Rebekah Brooks, ex-head of News International, pleaded not guilty Wednesday in a
London court to phone hacking, obstructing justice and bribery.
Her husband, Charlie Brooks, and nine others also pleaded not guilty to a variety of charges in the News of the World phone hacking scandal, including conspiracy to pervert the course of justice and unlawful payments to officials during a hearing at Southwark crown court, The Guardian reported.
Brooks pleaded not guilty to charges arising from three police investigations, including conspiring to pervert the course of justice by hiding evidence from police about the time of her arrest in July 2011 in the scandal, and allegations linked to unlawful payments to public officials.
The former editor of News of the World -- which was at the center of the scandal -- and confidante of media mogul Rupert Murdoch also pleaded not guilty to charges of conspiring to breech mobile phone voice mails of "well known people and/or those associated with them" between 2000 and 2006, including those of slain teenager Milly Dowler.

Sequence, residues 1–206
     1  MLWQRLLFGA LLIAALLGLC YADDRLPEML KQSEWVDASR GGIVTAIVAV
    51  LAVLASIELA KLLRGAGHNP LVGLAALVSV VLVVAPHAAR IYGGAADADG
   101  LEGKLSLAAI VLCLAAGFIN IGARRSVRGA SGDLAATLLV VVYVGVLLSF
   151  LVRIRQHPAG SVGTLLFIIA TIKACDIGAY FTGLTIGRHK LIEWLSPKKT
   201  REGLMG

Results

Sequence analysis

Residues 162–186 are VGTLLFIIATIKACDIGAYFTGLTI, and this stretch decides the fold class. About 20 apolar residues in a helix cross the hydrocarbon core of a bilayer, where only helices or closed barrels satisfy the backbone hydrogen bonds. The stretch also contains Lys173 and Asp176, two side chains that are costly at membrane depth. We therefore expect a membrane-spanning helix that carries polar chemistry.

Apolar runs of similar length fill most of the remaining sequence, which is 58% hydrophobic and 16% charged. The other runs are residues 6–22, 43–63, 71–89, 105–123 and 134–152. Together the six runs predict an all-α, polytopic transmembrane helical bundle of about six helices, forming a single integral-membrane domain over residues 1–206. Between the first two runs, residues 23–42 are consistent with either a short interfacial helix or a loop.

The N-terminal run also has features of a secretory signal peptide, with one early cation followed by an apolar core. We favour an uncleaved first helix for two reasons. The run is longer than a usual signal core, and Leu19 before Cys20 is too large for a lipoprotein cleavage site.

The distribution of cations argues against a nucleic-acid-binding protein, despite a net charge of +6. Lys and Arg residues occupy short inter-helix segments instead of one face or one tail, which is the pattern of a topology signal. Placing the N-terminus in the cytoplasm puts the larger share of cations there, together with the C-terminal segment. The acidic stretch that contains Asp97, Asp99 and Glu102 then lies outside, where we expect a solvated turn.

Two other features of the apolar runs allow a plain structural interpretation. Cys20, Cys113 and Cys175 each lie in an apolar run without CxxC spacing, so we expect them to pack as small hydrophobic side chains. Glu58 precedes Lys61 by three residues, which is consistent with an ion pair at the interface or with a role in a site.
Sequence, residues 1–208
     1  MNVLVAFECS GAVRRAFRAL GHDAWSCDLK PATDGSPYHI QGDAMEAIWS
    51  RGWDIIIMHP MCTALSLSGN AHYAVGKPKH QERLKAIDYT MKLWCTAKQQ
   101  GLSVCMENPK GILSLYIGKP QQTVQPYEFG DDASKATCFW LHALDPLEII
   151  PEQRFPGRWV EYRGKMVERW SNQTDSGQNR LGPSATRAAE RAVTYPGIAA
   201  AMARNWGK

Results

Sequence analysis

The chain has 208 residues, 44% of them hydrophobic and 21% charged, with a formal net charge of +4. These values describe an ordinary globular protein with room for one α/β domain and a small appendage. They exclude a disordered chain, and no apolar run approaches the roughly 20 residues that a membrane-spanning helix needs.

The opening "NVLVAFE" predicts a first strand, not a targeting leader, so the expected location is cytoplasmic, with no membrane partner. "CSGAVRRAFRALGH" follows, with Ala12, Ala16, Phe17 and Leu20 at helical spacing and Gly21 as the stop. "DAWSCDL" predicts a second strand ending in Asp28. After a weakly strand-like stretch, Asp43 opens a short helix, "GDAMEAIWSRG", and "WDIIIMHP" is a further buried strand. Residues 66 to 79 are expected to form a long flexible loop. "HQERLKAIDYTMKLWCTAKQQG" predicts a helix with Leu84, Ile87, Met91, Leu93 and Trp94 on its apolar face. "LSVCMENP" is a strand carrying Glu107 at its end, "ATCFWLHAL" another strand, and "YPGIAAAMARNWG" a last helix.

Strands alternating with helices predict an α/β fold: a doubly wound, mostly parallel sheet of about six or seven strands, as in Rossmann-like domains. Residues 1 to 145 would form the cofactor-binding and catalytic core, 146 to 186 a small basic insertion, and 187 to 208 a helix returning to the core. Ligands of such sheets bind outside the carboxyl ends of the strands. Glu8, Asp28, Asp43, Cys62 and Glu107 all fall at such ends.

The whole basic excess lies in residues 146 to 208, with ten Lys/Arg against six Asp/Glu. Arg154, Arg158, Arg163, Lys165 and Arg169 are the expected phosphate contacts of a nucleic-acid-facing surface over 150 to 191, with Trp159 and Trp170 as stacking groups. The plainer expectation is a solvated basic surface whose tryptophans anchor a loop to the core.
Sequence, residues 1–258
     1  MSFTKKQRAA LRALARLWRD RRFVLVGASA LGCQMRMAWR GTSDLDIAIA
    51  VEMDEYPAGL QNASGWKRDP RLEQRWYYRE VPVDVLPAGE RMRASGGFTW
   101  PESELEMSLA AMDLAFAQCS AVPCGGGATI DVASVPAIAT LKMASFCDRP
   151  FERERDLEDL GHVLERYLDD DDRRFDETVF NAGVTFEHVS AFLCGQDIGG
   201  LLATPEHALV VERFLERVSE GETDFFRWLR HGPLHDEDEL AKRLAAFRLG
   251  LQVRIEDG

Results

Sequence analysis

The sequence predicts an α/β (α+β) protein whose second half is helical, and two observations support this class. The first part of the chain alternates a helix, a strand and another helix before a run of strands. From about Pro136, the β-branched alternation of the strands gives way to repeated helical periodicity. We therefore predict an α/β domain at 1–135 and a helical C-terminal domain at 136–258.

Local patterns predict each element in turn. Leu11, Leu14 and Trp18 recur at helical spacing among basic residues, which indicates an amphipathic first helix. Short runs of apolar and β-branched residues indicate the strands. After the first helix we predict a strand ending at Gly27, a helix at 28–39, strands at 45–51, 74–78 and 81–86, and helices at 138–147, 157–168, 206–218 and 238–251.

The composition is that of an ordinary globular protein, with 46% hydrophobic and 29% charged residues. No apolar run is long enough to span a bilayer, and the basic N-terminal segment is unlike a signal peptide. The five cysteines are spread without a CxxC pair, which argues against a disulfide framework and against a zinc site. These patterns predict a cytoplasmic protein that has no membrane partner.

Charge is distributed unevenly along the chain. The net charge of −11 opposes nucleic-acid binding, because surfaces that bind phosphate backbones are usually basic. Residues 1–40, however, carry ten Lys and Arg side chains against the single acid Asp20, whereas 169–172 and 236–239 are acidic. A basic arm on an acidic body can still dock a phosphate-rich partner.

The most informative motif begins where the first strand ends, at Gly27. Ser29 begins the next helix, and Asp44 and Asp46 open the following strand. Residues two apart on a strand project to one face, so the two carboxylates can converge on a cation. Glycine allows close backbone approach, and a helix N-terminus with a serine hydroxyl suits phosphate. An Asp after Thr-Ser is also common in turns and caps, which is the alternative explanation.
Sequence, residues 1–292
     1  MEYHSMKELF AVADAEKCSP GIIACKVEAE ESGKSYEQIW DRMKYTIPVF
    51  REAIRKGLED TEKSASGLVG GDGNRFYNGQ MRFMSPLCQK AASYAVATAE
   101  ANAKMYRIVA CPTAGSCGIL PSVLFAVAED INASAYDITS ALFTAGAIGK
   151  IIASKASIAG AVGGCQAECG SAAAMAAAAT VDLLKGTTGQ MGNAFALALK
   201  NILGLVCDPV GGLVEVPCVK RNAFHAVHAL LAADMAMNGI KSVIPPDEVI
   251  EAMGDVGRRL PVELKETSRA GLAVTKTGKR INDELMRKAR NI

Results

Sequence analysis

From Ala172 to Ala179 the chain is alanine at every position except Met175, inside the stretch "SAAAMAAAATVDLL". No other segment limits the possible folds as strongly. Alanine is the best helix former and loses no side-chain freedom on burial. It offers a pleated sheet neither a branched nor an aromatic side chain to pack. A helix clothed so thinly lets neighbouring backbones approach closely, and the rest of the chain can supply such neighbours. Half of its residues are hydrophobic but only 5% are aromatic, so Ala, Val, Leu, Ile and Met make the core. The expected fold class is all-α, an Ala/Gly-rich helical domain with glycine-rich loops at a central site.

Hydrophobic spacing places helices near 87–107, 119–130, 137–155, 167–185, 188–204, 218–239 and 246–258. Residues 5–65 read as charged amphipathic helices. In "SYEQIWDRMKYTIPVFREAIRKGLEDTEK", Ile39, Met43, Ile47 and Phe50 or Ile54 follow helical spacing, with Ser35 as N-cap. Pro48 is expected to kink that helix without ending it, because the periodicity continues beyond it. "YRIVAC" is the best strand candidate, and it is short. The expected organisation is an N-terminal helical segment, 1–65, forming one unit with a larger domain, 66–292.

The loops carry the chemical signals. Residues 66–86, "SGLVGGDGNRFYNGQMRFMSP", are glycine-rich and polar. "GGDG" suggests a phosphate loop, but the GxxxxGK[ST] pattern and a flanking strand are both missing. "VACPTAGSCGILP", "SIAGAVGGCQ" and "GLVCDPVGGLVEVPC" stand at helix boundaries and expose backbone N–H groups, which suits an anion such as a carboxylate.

Brooks and her co-defendants face the criminal trials following the Operation Weeting investigation by London police into the alleged phone hacking, which led to charges the defendants conspired to unlawfully intercept voice messages.
Brooks and the other defendants in the Weeting operation were charged in July, a year after the News of the World was shuttered because of the scandal. The defendants could go to trial in September.
Most Popular Stories
- U.S. Growth Stayed Steady During Shutdown, Fed Says
- Hezbollah Chief's Assassination Claimed by Sunni Group
- Newtown Massacre Heard on 911 Recordings
- Allstate Seeks to Invest in Minority Firms
- Reid Confident Congress to Pass Immigration Bill
- Latin Music Conference Turns 25
- Guardian Pressured to Stop NSA Stories: Editor
- New Home Sales Shoot up 25 Percent in October
- Boehner Blames Obama, Senate for Congressional Inactivity
- Liberty Power Gets Minority Business Nod